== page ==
The Clinical Features of Paediatric HIV/AIDS at Presentation at the University of Abuja Teaching Hospital, Gwagwalada
Background: The reported geographical differences in the HIV-1 sub-type across the continent and the entire world makes it necessary to investigate whether the clinical presentation and outcome of such presentation can demonstrate differences in the multiple sub- type of HIV-1 infection. To determine whether the clinical presentations and outcome of HIV/AIDS in children in Abuja, Nigeria conforms with reports from elsewhere both within and outside the country. Method: A one- year prospective study of HIV infected children attending the University of Abuja Teaching Hospital (UATH), Gwagwalada, from November 2006 to October 2007,was carried out to determine the clinical presentation and outcome of such presentation in the area. Results: A total of 173 patients were diagnosed with signs and symptoms of HIV/AIDS and on antiretroviral therapy (ARVT). There were 90 (52.0%) males and 83 (48.0%) females giving a male to female ratio of 1.1:1. Less than 5 years constituted 81.5% of paediatric patients seen, with less than 2 years responsible for 52.0% of cases, and 11.8% being those between the ages of 10-15 years. The commonest presenting complains were that of recurrent fever (80.3%), progressive weight loss (77.5%), and persistent diarrhoea (69.1%). Chronic cough (62.2%) and skin rashes (52.7%) were equally common. While persistent diarrhoea, oral thrush, discharging ear, and failure to thrive were commoner in children less than two years, generalised lymphadenopathy, skin rashes and parotid swelling were commoner in older children. Mortality rate was found to be 3.5%, while WHO case definition for paediatric HIV/AIDS in African setting was found to be sensitive with low specificity and positive predictive value (PPV). Conclusion: Clinical presentation of paediatric HIV/AIDS appears similar with reports from other centers in spite of the wide variation in HIV-1 sub-types. Mortality was also found to be low. This was attributed largely to the availability of free antiretroviral drugs (ARVD), potent antibiotics and anti-fungal agents which were made freely available to HIV infected patients. The findings underscore the need for government to extend such services to HIV/AIDS patients across the country as a major way of reducing the sufferings of this scourge in children..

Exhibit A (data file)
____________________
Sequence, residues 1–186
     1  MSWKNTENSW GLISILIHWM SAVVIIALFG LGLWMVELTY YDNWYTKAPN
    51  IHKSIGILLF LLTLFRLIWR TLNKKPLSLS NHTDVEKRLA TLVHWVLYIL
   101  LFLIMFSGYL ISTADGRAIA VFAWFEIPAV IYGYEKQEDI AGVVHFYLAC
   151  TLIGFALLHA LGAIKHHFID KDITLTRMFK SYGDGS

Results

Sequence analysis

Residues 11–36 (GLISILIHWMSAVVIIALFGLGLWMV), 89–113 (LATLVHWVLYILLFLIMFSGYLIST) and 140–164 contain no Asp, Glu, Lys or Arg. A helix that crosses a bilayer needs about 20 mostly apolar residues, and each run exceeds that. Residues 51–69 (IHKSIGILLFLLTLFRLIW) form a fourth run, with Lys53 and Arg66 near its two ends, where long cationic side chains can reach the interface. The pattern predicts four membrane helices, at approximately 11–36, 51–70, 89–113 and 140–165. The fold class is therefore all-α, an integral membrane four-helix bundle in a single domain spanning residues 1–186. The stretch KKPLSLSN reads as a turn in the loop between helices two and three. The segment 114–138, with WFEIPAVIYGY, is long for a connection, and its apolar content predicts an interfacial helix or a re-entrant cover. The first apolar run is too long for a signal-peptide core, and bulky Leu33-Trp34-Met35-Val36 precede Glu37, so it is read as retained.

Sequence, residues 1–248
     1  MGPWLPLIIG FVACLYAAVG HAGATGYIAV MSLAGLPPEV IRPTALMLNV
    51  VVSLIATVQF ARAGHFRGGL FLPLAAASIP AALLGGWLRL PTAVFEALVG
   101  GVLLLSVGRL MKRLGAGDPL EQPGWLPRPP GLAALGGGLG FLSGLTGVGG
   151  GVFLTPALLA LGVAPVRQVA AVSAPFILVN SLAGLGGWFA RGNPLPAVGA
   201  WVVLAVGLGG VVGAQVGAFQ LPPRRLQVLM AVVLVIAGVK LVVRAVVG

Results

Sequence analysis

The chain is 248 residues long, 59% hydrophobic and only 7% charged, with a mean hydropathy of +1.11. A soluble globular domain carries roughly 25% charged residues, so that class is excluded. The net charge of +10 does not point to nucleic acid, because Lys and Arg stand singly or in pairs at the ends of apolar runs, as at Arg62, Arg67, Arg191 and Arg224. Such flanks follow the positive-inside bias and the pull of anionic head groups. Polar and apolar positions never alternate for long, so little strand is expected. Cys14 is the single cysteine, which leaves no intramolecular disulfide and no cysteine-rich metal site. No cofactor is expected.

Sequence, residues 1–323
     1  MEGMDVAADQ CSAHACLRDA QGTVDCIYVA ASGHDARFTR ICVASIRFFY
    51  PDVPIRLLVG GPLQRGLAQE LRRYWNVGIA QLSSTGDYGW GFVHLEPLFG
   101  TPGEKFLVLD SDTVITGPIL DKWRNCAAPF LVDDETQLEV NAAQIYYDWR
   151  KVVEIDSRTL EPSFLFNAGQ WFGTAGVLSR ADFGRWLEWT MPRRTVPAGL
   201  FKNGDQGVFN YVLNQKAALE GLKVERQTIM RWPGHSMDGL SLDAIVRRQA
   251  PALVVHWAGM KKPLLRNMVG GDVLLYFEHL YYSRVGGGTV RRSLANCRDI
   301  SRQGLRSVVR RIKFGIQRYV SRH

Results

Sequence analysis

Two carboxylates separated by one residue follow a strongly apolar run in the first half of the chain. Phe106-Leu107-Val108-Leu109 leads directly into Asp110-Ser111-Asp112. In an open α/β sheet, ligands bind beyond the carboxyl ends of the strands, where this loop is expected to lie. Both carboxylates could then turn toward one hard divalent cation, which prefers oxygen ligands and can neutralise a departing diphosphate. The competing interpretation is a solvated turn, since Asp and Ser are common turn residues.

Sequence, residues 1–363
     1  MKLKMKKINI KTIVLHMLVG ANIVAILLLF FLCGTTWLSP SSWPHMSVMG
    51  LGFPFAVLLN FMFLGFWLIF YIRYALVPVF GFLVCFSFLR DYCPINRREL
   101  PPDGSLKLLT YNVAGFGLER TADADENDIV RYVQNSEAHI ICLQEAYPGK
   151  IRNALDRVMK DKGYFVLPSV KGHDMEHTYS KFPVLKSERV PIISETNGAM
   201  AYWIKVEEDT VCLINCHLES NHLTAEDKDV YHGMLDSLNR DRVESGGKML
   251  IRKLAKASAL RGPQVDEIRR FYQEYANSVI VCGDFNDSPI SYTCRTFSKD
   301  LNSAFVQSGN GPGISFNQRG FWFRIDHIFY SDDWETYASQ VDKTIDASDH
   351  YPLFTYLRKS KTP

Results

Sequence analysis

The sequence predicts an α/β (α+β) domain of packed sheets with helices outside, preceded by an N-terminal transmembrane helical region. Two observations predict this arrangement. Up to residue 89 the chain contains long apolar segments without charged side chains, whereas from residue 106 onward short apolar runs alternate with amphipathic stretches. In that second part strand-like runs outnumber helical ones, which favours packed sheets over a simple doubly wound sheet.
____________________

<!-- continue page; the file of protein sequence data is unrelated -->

Nigerian Journal of Medicine Vol. 17 (4) 2008: pp. 433-438